Associations between physical isolation and geographical variation within three species of Neotropical birds

J. D. Brawn, T. M. Collins, Monica Medina, E. Bermingham

Research output: Contribution to journalArticle

25 Citations (Scopus)

Abstract

We studied effects of physical isolation on geographical variation in mtDNA RFLP polymorphisms and a suite of morphological characters within three species of neotropical forest birds; the crimson-backed tanager Ramphocelus dimidiatus, the blue-gray tanager Thraupis episcopus, and the streaked saltator Saltator albicollis. Variation among populations within continuous habitat on the Isthmus of Panama was compared with that among island populations isolated for about 10000 years. Putative barriers to dispersal were influential, but apparent isolation effects varied by species, geographical scale, and whether molecular or morphological traits were being assessed. We found no geographical structuring among the contiguous, mainland sampling sites. Migration rates among the islands appeared sufficient to maintain homogeneity in mtDNA haplotype frequencies. In contrast, variation in external morphology among islands was significant within two of three species. For all species, we found significant variation in genetic and morphological traits between the island (collectively) and mainland populations. Interspecific variation in the effects of isolation was likely related to differential vagility. These data generally corroborate other studies reporting relatively great geographical structuring within tropical birds over short distances. Behaviourally based traits - low vagility and high 'sensitivity' to geographical barriers - may underlie extensive diversification within neotropical forest birds, but more extensive ecological and phylogeographic information are needed on a diverse sample of species.

Original languageEnglish (US)
Pages (from-to)33-46
Number of pages14
JournalMolecular ecology
Volume5
Issue number1
DOIs
StatePublished - Jan 1 1996

Fingerprint

geographical variation
Islands
Birds
Thraupidae
bird
birds
Mitochondrial DNA
tropical forests
mitochondrial DNA
Population
Panama
isolation effect
interspecific variation
Restriction Fragment Length Polymorphisms
Haplotypes
isolated population
Ecosystem
haplotypes
restriction fragment length polymorphism
homogeneity

All Science Journal Classification (ASJC) codes

  • Ecology, Evolution, Behavior and Systematics
  • Genetics

Cite this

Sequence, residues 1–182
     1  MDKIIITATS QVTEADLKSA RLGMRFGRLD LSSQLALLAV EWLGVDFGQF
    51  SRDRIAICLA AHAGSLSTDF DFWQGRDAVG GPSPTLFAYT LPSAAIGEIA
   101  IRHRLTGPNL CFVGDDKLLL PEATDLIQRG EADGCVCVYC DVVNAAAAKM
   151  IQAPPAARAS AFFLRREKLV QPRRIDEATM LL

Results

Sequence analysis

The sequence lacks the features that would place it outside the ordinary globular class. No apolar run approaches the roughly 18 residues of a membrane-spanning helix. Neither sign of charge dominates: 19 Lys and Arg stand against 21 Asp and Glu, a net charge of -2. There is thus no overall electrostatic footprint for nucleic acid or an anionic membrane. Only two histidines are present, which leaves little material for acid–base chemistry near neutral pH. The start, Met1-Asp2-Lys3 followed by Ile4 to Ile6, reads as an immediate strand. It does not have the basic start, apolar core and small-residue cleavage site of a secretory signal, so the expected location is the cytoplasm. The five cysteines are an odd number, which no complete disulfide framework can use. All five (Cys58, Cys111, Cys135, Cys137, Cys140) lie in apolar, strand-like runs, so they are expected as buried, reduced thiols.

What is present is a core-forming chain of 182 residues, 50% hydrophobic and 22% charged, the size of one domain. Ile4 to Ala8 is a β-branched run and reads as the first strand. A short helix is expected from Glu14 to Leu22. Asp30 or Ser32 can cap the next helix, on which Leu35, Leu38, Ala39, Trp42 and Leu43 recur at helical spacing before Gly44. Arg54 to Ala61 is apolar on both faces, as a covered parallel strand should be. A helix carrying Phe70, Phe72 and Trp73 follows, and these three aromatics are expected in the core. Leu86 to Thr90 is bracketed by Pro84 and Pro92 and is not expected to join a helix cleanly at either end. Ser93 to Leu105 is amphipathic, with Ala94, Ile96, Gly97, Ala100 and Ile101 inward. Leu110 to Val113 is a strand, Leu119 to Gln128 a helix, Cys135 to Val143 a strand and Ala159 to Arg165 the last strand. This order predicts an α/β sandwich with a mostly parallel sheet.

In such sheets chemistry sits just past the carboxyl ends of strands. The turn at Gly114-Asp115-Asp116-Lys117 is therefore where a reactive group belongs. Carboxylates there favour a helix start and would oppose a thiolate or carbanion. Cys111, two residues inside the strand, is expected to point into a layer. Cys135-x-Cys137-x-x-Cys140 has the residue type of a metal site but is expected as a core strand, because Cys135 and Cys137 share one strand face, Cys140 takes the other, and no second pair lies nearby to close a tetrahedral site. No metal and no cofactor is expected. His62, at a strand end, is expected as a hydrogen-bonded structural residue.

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abstract = "We studied effects of physical isolation on geographical variation in mtDNA RFLP polymorphisms and a suite of morphological characters within three species of neotropical forest birds; the crimson-backed tanager Ramphocelus dimidiatus, the blue-gray tanager Thraupis episcopus, and the streaked saltator Saltator albicollis. Variation among populations within continuous habitat on the Isthmus of Panama was compared with that among island populations isolated for about 10000 years. Putative barriers to dispersal were influential, but apparent isolation effects varied by species, geographical scale, and whether molecular or morphological traits were being assessed. We found no geographical structuring among the contiguous, mainland sampling sites. Migration rates among the islands appeared sufficient to maintain homogeneity in mtDNA haplotype frequencies. In contrast, variation in external morphology among islands was significant within two of three species. For all species, we found significant variation in genetic and morphological traits between the island (collectively) and mainland populations. Interspecific variation in the effects of isolation was likely related to differential vagility. These data generally corroborate other studies reporting relatively great geographical structuring within tropical birds over short distances. Behaviourally based traits - low vagility and high 'sensitivity' to geographical barriers - may underlie extensive diversification within neotropical forest birds, but more extensive ecological and phylogeographic information are needed on a diverse sample of species.",
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Associations between physical isolation and geographical variation within three species of Neotropical birds. / Brawn, J. D.; Collins, T. M.; Medina, Monica; Bermingham, E.

In: Molecular ecology, Vol. 5, No. 1, 01.01.1996, p. 33-46.

Research output: Contribution to journalArticle

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